Mrs. Savage had much pleasure in the company and converse of her friends, and particularly of pious ministers; but her chief delight was in her closet: she was constant in her retirements morning and evening, and in the latter part of her life at noon also; in reading the Scriptures; singing a psalm or hymn and praying; and though these exercises were so frequent and fervent, yet she suffered them not to interfere with her domestic du ties. She had recourse also to the duty of prayer upon any remarkable tidings, or occur rence, either merciful or afflictive, usually retiring to her closet on such occasions, to pour out her heart before God: and in her old age she was still more abundant in this duty. If left alone at her work she was often found by her family on their return in a praying posture. Her first words when she awoke in the morning con sisted generally of some petition or ejaculation, and in the same manner did she close the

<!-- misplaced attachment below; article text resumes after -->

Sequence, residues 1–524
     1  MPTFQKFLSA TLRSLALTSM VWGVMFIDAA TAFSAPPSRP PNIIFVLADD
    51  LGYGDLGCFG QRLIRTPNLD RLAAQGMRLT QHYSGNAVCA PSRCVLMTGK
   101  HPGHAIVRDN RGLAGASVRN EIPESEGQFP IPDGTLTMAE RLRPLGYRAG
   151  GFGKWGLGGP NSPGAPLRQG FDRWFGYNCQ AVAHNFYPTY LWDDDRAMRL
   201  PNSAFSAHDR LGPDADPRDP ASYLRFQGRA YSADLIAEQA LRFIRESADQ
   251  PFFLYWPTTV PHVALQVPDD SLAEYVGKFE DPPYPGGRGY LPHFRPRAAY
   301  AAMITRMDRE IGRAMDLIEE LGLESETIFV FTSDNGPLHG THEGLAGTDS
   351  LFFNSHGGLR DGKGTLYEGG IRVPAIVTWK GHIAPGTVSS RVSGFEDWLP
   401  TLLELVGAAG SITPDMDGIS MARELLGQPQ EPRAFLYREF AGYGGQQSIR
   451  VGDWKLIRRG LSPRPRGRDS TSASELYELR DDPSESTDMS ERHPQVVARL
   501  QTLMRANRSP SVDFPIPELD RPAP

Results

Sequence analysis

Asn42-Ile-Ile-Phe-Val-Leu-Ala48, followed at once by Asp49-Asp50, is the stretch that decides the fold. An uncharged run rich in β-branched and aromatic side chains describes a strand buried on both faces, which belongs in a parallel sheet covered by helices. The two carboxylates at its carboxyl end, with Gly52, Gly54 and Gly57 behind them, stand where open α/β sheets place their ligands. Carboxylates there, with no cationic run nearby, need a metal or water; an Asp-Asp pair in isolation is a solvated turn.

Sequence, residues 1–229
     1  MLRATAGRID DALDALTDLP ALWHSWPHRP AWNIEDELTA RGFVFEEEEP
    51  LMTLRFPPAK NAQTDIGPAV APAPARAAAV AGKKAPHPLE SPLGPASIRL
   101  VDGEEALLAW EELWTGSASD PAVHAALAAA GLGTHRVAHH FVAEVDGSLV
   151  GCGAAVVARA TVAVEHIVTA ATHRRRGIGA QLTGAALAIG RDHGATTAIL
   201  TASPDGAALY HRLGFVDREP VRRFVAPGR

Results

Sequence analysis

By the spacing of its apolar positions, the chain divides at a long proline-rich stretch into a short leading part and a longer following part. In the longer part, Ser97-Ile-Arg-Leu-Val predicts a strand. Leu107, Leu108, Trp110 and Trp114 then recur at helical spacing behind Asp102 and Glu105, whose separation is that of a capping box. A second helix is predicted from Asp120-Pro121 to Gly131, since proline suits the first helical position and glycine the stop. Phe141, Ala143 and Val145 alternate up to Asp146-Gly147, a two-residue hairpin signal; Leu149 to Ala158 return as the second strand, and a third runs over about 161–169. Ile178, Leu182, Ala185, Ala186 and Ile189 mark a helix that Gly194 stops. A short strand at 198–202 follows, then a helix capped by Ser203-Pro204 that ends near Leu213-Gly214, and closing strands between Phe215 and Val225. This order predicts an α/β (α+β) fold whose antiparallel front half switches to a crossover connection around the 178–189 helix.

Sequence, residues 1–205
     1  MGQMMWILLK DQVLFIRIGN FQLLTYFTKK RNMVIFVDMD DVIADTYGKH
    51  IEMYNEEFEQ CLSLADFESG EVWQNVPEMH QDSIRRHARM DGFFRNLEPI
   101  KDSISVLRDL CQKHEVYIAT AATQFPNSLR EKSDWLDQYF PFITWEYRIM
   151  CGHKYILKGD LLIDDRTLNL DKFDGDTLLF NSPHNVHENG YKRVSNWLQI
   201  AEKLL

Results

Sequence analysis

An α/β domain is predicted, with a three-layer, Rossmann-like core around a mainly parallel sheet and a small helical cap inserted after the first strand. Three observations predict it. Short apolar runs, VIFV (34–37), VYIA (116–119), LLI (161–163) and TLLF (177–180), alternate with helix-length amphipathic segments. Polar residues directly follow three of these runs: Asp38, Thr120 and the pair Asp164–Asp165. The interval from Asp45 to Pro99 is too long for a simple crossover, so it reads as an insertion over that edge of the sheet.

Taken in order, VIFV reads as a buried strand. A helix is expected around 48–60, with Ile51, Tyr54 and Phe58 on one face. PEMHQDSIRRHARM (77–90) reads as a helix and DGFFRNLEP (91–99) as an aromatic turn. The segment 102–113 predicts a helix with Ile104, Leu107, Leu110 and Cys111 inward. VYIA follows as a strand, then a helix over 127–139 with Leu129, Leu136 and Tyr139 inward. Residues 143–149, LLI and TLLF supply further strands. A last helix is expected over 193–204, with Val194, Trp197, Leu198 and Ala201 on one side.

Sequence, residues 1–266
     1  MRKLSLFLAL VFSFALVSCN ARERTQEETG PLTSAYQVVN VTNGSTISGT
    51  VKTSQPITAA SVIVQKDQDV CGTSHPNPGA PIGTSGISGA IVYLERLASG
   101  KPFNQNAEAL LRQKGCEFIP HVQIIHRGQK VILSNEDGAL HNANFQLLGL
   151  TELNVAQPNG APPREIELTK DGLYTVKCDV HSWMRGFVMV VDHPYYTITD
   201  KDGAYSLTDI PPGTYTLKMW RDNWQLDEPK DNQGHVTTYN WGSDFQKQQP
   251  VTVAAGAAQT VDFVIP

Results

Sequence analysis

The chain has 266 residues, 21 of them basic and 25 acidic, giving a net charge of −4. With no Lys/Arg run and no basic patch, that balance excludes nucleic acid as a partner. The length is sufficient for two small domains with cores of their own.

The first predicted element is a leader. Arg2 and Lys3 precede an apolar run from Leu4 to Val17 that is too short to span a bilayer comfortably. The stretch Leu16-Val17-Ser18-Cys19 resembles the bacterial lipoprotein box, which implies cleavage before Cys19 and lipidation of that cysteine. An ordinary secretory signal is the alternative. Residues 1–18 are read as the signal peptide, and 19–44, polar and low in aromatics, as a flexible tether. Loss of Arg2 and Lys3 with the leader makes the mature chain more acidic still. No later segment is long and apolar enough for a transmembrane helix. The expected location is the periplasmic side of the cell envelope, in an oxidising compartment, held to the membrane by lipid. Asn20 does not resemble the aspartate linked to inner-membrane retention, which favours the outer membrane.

day. Her love to the word of God was no less remarkable than her spirit of prayer. She

might truly be said "to meditate therein day and night." She had treasured in her memory psalms, hymns, and catechisms which she could repeat to herself with pleasure and profit during the waking hours of night; and by frequent reading of the book of Psalms, she had learned the greatest part of them by heart. In some of the last years of her life, she usually kept her Bible within her reach while she was at work, that she might readily turn to such texts as were the subjects of her thoughts and meditations. She also delighted much in reading books of practical divinity, as "Bennett's Christian Oratory, Rowe's Devout Exercises, Watts's Sermons, and Baxter's Saint's Rest; but especially her father's Expositions of Scripture, with the reading of which she usually began the day. Biographical accounts of eminently pious persons were likewise a favourite study with her: from these it was her practice to make extracts for the use of herself and her family. Notwithstanding the variety of those occupations which have been already mentioned, she was remarkably diligent in business, carefully redeeming the time,so that those who lived the longest with her think she was scarcely chargeable with the loss of an hour. The pleasure with which she gave alms, or did any kind offices to the poor or afflicted, is not to be described. She willingly employed herself in making